Alexandria and Antioch

There’s a problem with your proposed dialogue, and it may be insurmountable.

You think, for the various reasons you’ve sketched, that I’m wrong about the “transcendent unity of religions”, and you wish to argue me out of my silliness. But I have no interest whatsoever in persuading you I’m right. I don’t wish to change your mind, whereas you have a motive, and perhaps (from your point of view) an obligation, to change mine, if for no other reason than to protect other Christians from a distorted presentation of the Gospel.

If you still wish to talk, one possible solution might be to set the card-carrying perennialists to one side and ask instead: Was Meister Eckhart a Christian? I pick Eckhart as an “extreme case”, though one might also choose Jakob Boehme (Protestant), Angelus Silesius (Catholic), or perhaps Dionysios the Areopagite (Orthodox).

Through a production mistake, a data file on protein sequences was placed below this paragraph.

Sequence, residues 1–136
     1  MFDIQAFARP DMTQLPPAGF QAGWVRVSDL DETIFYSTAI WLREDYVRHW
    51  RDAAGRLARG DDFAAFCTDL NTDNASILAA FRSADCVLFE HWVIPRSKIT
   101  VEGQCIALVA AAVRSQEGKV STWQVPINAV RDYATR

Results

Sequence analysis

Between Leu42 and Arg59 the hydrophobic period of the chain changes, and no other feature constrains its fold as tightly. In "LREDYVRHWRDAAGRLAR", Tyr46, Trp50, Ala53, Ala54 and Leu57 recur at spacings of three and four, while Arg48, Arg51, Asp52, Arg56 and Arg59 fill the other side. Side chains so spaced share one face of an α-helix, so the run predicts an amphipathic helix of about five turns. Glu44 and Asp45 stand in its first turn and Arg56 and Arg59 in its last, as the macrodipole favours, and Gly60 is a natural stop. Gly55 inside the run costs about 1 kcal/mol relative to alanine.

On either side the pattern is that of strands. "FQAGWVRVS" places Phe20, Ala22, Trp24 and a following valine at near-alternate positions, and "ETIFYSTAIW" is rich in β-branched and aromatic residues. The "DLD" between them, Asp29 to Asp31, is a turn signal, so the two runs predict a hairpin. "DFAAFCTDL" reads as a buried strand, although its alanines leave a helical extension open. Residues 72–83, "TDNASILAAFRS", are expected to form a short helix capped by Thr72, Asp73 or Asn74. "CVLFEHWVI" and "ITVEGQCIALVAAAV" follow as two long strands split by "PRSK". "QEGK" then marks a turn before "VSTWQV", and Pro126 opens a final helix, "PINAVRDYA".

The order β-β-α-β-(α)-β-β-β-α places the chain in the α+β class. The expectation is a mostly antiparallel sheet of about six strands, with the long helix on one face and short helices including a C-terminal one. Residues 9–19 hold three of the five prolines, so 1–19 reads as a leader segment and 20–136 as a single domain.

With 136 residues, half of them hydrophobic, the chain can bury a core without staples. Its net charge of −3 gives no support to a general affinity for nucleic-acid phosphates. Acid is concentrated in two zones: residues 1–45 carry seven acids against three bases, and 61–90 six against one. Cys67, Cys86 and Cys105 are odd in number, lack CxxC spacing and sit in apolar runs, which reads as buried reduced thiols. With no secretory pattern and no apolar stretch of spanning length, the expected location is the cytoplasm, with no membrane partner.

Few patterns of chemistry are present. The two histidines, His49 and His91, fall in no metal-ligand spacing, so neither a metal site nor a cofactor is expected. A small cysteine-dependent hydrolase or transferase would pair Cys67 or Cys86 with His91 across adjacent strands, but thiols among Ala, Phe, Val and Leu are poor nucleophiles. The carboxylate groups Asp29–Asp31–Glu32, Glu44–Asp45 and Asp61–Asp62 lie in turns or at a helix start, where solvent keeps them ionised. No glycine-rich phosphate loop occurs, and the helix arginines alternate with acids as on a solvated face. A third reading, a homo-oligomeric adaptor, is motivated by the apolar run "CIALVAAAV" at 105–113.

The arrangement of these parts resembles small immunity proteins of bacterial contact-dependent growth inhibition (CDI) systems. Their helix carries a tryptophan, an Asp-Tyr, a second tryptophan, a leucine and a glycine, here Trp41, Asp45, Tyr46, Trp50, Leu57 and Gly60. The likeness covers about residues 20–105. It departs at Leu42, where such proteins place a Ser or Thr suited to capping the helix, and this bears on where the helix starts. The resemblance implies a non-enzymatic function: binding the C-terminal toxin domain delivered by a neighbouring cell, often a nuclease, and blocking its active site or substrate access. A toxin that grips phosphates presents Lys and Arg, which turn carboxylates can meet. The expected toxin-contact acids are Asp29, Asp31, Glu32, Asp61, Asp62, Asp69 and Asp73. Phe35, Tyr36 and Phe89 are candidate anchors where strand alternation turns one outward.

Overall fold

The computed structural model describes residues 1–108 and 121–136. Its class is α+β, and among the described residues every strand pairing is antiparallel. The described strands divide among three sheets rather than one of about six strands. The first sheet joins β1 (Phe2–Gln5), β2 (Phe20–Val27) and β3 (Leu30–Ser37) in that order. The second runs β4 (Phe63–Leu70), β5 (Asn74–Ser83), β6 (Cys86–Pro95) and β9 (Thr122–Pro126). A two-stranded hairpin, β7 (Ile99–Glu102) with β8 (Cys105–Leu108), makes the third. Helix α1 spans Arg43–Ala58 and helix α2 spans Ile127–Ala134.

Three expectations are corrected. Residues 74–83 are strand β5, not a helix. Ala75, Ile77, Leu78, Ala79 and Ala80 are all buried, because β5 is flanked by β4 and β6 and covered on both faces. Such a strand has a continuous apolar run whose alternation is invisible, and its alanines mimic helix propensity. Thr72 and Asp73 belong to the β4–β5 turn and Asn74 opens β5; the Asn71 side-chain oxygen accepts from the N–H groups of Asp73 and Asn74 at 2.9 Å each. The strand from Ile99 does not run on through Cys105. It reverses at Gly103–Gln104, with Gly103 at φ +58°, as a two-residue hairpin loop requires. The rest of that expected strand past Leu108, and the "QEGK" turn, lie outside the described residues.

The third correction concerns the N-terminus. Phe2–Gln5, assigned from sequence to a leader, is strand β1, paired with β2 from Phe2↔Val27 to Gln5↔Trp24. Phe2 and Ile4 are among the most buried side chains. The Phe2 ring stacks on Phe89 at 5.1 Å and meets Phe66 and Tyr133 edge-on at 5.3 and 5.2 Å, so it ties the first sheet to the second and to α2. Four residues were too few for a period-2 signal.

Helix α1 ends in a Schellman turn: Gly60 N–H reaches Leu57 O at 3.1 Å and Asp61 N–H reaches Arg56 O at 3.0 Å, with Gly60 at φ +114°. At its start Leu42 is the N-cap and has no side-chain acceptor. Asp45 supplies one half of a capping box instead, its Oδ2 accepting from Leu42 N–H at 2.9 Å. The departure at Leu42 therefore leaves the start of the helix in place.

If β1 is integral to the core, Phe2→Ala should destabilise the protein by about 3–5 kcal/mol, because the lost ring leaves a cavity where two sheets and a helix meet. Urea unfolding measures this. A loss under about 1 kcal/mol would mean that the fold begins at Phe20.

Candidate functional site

My hunch, you see, is that the real issue between us is not so much the salvific validity of other religious traditions but rather the orthodoxy (small “o”) of Christian metaphysics. In a sense it’s Alexandria and Antioch all over again. Needless to say, you’re not alone in thinking that such figures are not truly, or fully, or authentically Christian, and of course if they’re not, then I’m not. One thinks of Luther’s comment that Dionysios “Platonizes more than he Christianizes”.

Is it possible for us to get over this hurdle?

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